Finger muscle control in children with dystonia


  • Scott J. Young PhD,

    1. Department of Biomedical Engineering, University of Southern California, Los Angeles, USA
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  • Johan van Doornik PhD,

    1. Moving Innovations, Enkhuisen, The Netherlands
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  • Terence D. Sanger MD, PhD

    Corresponding author
    1. Departments of Biomedical Engineering, Neurology, and Biokinesiology and Physical Therapy, University of Southern California, Los Angeles, USA
    • Department of Biomedical Engineering, University of Southern California, 1042 Downey Way, DRB 140, Los Angeles, CA 90089-1111

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  • Relevant conflicts of interest/financial disclosures: Nothing to report.

    Full financial disclosures and author roles may be found in the online version of this article.

  • This study was funded by the National Institute of Neurological Disorders and Stroke (NINDS; grant number: NS052236). Additional funding was provided by the Crowley-Carter Foundation and the Don and Linda Carter Foundation.


Background: Childhood dystonia is a disorder that involves inappropriate muscle activation during attempts at voluntary movement. Few studies have investigated the muscle activity associated with dystonia in children, and none have done so in the hands.

Methods: In this study, we measured surface electromyographic activity in four intrinsic hand muscles while participants attempted to perform an isometric tracking task using one of the muscles.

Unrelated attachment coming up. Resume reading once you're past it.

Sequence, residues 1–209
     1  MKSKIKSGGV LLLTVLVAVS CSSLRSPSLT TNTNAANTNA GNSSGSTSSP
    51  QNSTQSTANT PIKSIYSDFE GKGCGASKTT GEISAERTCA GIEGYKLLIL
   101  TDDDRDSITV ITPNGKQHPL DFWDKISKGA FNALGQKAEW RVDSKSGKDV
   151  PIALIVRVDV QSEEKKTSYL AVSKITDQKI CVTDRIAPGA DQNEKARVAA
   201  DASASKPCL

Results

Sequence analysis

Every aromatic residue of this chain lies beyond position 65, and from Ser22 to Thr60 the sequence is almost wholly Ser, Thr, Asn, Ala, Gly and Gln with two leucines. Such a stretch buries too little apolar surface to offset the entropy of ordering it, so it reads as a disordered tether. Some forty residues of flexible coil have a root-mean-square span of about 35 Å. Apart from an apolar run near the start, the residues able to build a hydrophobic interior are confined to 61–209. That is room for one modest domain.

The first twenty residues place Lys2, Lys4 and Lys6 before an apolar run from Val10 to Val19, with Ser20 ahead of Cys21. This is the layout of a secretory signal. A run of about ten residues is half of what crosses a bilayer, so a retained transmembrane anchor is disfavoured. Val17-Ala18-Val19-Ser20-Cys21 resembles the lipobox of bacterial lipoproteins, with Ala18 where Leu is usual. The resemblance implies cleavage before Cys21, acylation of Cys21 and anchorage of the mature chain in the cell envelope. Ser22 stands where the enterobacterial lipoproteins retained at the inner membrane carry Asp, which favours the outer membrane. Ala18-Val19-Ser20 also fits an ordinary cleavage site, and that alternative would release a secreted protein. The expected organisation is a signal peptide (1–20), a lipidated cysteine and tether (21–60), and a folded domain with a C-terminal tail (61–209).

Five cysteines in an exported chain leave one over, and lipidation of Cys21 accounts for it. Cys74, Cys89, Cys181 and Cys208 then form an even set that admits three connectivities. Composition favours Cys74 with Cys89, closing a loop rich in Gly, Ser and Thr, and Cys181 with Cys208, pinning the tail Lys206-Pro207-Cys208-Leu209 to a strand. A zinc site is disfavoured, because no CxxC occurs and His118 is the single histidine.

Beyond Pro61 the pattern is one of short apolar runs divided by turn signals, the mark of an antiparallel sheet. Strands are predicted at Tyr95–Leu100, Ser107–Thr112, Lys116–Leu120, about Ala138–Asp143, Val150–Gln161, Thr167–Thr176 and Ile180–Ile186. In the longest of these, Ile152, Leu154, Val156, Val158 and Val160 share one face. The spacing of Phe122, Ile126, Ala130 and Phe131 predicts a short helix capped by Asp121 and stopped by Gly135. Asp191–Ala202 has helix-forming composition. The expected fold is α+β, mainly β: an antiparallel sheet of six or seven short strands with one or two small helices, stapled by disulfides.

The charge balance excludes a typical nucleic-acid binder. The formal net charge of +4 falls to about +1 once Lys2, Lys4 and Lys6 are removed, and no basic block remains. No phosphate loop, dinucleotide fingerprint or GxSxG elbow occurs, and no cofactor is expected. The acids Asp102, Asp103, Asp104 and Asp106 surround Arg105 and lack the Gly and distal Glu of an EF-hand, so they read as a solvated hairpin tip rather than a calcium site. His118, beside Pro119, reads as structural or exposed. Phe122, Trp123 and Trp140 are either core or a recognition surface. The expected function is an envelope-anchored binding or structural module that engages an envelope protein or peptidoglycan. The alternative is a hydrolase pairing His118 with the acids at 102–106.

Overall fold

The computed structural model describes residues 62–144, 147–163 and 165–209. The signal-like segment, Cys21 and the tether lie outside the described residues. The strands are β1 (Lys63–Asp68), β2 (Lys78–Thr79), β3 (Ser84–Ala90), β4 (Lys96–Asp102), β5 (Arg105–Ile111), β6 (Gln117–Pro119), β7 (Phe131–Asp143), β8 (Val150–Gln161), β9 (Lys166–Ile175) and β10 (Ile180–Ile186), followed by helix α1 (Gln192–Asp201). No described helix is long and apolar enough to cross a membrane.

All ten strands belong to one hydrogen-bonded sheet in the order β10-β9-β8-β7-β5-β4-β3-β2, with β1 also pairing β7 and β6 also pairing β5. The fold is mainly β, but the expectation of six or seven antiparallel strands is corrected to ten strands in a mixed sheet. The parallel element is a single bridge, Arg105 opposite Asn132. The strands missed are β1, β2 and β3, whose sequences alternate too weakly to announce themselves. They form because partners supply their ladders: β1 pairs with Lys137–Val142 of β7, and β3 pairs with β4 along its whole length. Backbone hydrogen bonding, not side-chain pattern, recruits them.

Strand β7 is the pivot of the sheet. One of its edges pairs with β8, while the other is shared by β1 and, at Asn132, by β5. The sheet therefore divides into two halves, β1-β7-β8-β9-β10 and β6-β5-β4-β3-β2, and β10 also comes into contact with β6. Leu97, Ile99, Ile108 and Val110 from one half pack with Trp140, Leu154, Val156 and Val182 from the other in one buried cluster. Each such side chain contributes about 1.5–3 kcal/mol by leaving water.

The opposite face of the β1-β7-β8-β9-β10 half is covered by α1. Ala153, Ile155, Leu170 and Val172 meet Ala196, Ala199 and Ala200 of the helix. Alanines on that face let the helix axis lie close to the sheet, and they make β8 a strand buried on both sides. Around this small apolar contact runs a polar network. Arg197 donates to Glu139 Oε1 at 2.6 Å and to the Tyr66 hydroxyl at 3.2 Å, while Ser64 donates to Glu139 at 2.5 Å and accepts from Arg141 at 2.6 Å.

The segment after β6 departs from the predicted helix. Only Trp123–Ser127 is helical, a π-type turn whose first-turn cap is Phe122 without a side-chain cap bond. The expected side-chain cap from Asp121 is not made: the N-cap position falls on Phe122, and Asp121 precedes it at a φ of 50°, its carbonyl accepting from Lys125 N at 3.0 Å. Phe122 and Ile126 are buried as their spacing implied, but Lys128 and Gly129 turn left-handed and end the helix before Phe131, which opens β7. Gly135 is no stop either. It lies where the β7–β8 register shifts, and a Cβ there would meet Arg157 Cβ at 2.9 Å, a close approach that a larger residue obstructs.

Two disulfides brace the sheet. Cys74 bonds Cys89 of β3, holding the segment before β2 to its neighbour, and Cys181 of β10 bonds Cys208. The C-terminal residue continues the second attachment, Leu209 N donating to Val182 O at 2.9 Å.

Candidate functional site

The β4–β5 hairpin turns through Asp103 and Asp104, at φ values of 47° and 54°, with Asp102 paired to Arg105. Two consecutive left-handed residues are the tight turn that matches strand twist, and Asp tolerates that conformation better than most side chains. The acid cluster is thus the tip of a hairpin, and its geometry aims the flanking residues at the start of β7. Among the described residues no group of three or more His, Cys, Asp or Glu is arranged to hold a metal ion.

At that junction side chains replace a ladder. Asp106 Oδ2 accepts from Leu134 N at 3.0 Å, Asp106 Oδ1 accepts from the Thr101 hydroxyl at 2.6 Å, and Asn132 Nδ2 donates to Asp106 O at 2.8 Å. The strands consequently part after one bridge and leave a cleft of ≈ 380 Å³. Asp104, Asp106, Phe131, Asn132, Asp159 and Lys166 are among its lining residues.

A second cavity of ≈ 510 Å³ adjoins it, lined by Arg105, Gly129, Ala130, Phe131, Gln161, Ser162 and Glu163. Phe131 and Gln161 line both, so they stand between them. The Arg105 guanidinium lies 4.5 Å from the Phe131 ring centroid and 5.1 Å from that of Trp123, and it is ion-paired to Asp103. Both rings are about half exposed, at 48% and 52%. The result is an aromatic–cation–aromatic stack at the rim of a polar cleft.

Results: Children with dystonia had greater tracking error with the task-related muscle and greater overflow to non-task muscles. Both tracking error and overflow correlated with the Barry-Albright Dystonia scale of the respective upper limb. Overflow also decreased when participants received visual feedback of non-task muscle activity.

Dicussion: We conclude that two of the motor deficits in childhood dystonia—motor overflow and difficulties in actively controlling muscles—can be seen in the surface electromyographic activity of individual muscles during an isometric task. As expected from results in adults, overflow is an important feature of childhood dystonia. However, overflow may be at least partially dependent on an individual's level of awareness of their muscle activity. Most importantly, poor single-muscle tracking shows that children with dystonia have deficits of individual muscle control in addition to overflow or co-contraction. These results provide the first quantitative measures of the muscle activity associated with hand dystonia in children, and they suggest possible directions for control of dystonic symptoms. © 2011 Movement Disorder Society